Mint using new laser technology in 'frosting' coinage dies

Official in charge of program seeks retention of prototype, test strikes
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Published : 04/10/13
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The overseer of the application of the U.S. Mint’s laser frosting technology is seeking implementation of a policy change to allow permanent internal preservation of representative prototype and test strikes for future research.

Steve Antonucci, branch manager for digital process and development based at the Philadelphia Mint, said during a telephone conference with numismatic journalists April 3 that he’d like to see a secure vault dedicated for retention of representative experimental strikes of each coin on which the laser-frosting technology is used.

“My desire is to maintain one of everything,” he said.

The primary obstacle, Antonucci said, is that the coins on which the technology is used in die production are composed of gold and silver, which would require budgeting concerns.

In most cases under current policy, prototypes and any test or experimental strikes are destroyed.

The new laser-frosting technology allows the application of different levels or intensities of frosting on specific areas of an individual coin design, to enhance the artistic quality of the U.S. Mint’s commemorative and numismatic coins, Antonucci said.

Antonucci said the integration of multiple, contrasting, laser-frosting surface finishes on details of the same coin will make those details “pop” from the rest of the design.

The technology is initially being used on the Proof 2013-W 5-Star Generals gold $5 half eagle and the Proof 2013-P 5-Star Generals silver dollar.

The Proof 2013-S 5-Star Generals copper-nickel clad half dollar is being struck using the standard Proof finish, according to U.S. Mint officials.

Laser-frosting technology is also being used in the production of the Enhanced Uncirculated 2013-W American Eagle silver dollar, which will be included in the two-coin West Point Mint 75th Anniversary set slated to go on sale May 9.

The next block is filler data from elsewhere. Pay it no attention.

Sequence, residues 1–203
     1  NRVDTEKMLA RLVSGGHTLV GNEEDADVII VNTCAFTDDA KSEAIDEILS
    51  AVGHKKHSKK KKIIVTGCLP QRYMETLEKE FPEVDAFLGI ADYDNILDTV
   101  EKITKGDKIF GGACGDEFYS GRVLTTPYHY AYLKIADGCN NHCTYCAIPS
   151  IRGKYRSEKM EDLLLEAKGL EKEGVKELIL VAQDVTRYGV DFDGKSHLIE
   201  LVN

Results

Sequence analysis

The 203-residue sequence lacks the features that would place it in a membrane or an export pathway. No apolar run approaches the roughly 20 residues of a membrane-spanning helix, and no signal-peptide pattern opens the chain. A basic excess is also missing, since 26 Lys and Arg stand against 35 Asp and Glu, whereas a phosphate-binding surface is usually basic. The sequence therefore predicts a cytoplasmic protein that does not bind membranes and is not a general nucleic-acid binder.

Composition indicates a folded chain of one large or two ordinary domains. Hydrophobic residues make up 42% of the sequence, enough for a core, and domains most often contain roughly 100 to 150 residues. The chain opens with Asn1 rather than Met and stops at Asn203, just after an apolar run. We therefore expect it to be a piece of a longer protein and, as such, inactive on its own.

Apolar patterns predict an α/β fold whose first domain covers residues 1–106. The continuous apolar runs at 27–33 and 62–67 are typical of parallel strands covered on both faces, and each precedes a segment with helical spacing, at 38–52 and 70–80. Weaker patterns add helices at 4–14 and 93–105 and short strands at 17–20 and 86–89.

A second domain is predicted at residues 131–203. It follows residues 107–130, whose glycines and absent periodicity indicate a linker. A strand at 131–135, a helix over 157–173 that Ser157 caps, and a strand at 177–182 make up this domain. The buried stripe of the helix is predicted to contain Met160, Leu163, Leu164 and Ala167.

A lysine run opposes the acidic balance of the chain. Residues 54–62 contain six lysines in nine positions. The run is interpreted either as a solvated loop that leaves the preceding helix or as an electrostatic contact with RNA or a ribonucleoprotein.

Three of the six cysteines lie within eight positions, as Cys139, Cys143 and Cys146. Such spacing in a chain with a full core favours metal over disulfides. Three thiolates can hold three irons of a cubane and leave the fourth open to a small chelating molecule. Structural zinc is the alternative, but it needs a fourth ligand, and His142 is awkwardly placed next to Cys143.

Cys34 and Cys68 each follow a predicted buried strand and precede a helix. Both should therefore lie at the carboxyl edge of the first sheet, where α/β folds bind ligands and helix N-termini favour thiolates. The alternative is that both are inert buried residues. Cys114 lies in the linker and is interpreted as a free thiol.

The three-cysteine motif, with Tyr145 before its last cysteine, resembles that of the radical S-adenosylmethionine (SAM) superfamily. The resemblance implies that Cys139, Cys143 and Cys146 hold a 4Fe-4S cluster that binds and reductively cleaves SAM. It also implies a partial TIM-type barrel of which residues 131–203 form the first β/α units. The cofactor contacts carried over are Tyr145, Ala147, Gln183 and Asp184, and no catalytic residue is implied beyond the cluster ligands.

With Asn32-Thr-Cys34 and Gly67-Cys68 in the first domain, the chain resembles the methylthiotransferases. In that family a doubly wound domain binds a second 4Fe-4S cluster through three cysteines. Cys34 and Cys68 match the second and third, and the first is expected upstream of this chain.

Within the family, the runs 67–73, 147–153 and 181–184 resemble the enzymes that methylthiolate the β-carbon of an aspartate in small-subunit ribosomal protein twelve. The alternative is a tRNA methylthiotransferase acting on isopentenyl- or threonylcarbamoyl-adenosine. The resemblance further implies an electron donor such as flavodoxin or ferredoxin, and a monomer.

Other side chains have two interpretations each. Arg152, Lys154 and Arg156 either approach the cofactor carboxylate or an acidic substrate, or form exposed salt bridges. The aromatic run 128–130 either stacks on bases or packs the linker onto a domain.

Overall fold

Collectors got their first look at one of the Enhanced Uncirculated coins on March 13, when James Bucki, a writer for About.com, depicted one with his blog about a recent visit to the West Point Mint, where the coins were being struck.

Bucki saw the Enhanced Uncirculated American Eagles being struck during his visit, and photographed the die-polishing equipment being used by the Mint. He provided Coin World the images of the equipment that are shown here.

Response to collector feedback

Antonucci said use of the laser-frosting technology undergoing continual research and development at the Philadelphia Mint is in response to customer feedback that the frosting on Proof coins against mirrored fields is too heavy on the main design devices. The thick frosting often gives the appearance of obliterating specific design details, critics claimed.

The design details weren’t being obliterated, Antonucci said. The heavy frosting was absorbing the light in such a way as to project that appearance, he said.

Early reaction by collectors to changes to the frosting on the 5-Star Generals commemorative coinage appeared to be generally favorable, based on comments seen on at least one online forum.

Although the one silver American Eagle being struck for the two-piece West Point Mint set is referred to as Enhanced Uncirculated, Antonucci said it is, technically, a Reverse Brilliant Uncirculated coin.

Not a Proof finish